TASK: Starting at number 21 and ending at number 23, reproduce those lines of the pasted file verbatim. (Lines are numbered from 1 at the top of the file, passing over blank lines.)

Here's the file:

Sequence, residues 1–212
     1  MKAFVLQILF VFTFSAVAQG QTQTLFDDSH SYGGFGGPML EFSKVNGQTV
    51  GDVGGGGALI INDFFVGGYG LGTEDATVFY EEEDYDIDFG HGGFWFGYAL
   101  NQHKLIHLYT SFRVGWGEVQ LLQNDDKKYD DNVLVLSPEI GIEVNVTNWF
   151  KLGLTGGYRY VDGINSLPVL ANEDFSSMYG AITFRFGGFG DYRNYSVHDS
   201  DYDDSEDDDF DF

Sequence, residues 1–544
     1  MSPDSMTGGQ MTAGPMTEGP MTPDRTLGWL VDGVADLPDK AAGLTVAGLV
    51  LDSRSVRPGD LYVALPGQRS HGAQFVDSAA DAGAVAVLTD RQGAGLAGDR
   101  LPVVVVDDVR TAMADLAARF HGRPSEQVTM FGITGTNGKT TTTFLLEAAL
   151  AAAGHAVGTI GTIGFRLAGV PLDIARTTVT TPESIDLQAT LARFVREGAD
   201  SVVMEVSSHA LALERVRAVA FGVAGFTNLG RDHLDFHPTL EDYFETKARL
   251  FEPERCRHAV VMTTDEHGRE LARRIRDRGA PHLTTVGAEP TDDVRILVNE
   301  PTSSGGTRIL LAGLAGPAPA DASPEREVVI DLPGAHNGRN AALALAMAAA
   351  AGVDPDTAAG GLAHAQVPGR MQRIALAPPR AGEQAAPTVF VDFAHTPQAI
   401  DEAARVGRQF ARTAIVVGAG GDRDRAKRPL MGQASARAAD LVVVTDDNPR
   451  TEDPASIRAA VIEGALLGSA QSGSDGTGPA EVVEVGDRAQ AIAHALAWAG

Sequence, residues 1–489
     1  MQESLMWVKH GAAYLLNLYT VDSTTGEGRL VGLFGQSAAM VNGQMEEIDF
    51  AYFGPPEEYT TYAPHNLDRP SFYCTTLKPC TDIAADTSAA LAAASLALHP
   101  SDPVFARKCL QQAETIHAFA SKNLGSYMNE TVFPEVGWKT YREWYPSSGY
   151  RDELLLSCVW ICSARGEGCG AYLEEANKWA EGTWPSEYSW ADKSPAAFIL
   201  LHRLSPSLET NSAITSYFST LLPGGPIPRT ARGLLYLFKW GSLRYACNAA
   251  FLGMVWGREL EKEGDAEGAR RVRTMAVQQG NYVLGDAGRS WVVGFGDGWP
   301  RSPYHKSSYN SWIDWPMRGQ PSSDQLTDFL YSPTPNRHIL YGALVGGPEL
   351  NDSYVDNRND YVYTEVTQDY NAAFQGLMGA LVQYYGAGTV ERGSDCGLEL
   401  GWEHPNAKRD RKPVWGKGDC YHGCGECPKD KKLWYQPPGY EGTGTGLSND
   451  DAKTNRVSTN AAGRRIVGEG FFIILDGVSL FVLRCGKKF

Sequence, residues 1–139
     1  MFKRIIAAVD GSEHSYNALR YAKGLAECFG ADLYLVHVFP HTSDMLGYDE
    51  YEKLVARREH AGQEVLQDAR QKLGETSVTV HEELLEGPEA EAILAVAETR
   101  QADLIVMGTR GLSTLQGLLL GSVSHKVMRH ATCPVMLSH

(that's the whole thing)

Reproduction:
   101  SDPVFARKCL QQAETIHAFA SKNLGSYMNE TVFPEVGWKT YREWYPSSGY
   151  RDELLLSCVW ICSARGEGCG AYLEEANKWA EGTWPSEYSW ADKSPAAFIL
   201  LHRLSPSLET NSAITSYFST LLPGGPIPRT ARGLLYLFKW GSLRYACNAA